I'm a marionette, I'm a marionette, just a silly old clown

Look this way, just a little smile, is what they say
You look better on the photograph if you laugh, that's okay!!

I'm a marionette, just a marionette, pull the string
I'm a marionette, everybody's pet, just as long as I sing
I'm a marionette, see my pirouette, 'round and 'round
I'm a marionette, I'm a marionette, just a silly old clown

You're so free
That's what everybody's telling me
Yet I feel I'm like an outward-bound, pushed around, refugee
Ah, it's so perfect. And now, I am off for what I think is a half day meeting :-(

Wednesday, June 11, 2008

Baby Name Ideas

Apparently, more than 4000 Chinese children have been named Aoyun in the last 15 years. I know, that probably doesn't sound very interesting but Aoyun means Olympic Games. How would you like to be named that? I guess it's better than being named after the Pan Am Games.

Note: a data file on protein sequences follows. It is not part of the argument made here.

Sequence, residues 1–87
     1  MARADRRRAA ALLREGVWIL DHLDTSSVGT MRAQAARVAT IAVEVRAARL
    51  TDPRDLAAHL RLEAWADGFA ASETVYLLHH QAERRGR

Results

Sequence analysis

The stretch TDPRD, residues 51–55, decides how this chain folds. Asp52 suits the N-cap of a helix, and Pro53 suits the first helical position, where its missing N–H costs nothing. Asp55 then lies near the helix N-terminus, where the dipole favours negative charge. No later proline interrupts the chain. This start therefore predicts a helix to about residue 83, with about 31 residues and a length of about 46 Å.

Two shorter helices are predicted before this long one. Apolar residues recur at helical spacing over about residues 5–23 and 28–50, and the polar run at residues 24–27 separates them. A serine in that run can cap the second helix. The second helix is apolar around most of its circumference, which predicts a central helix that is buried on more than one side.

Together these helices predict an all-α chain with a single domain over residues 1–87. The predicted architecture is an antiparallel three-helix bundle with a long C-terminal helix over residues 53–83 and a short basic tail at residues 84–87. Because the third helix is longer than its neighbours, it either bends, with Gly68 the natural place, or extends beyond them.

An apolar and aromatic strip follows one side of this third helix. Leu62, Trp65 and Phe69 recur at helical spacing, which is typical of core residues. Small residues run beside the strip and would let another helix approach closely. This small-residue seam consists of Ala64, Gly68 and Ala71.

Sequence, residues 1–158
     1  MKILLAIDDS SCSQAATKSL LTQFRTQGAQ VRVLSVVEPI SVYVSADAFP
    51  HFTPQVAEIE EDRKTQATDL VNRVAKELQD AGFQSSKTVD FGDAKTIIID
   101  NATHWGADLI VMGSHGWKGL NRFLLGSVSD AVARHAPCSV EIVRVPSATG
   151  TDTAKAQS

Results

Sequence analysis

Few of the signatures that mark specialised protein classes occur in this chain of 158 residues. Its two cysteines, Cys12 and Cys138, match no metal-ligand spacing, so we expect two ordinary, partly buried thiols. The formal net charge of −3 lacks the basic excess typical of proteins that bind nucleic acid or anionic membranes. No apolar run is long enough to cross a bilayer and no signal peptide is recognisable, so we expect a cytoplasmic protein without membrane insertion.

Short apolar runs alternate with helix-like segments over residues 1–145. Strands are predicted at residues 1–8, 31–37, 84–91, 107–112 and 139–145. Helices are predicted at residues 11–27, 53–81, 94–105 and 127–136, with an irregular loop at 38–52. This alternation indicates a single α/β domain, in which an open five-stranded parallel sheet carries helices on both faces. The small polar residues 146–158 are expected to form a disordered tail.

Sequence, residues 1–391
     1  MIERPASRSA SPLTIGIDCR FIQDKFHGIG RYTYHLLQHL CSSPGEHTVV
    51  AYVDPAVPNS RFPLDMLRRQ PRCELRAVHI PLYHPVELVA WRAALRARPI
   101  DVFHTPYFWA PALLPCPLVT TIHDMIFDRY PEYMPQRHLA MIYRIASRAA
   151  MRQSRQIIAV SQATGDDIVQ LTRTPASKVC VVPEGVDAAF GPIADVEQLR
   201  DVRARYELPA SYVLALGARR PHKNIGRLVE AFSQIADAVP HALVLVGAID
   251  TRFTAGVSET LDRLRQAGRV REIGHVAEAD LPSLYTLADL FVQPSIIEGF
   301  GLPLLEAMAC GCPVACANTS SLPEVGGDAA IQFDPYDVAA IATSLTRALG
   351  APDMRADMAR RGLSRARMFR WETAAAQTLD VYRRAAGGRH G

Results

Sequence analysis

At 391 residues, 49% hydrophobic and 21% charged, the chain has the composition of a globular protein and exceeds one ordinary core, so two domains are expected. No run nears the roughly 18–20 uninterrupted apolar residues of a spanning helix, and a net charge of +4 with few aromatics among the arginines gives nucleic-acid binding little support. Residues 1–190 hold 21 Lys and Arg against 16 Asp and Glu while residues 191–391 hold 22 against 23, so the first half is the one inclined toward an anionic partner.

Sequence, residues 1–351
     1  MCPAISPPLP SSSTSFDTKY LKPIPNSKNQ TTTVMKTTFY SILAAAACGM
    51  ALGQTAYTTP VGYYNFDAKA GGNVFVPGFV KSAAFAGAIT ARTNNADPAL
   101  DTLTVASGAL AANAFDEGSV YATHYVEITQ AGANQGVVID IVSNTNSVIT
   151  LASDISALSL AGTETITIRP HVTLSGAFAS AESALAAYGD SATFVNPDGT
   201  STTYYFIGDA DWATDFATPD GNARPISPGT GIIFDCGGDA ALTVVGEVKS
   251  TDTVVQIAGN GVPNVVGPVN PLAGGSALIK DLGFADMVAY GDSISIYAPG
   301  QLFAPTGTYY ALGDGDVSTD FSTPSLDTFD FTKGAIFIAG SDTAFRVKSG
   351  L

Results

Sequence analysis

There's more. Other popular names are Defend China, Space Travel, and Civilization. The latter is the name of almost 300,000 people! You have to love a nation that will take names from just about anything.

Which reminds me: I strongly believe that everyone ought to be given a provisional name by their parents, with the option of changing it when they reach the age of 18. At that point, you could change it without question to something that you really like, something good, like Aloysius or Ezekiel.

Tuesday, June 10, 2008

Bin City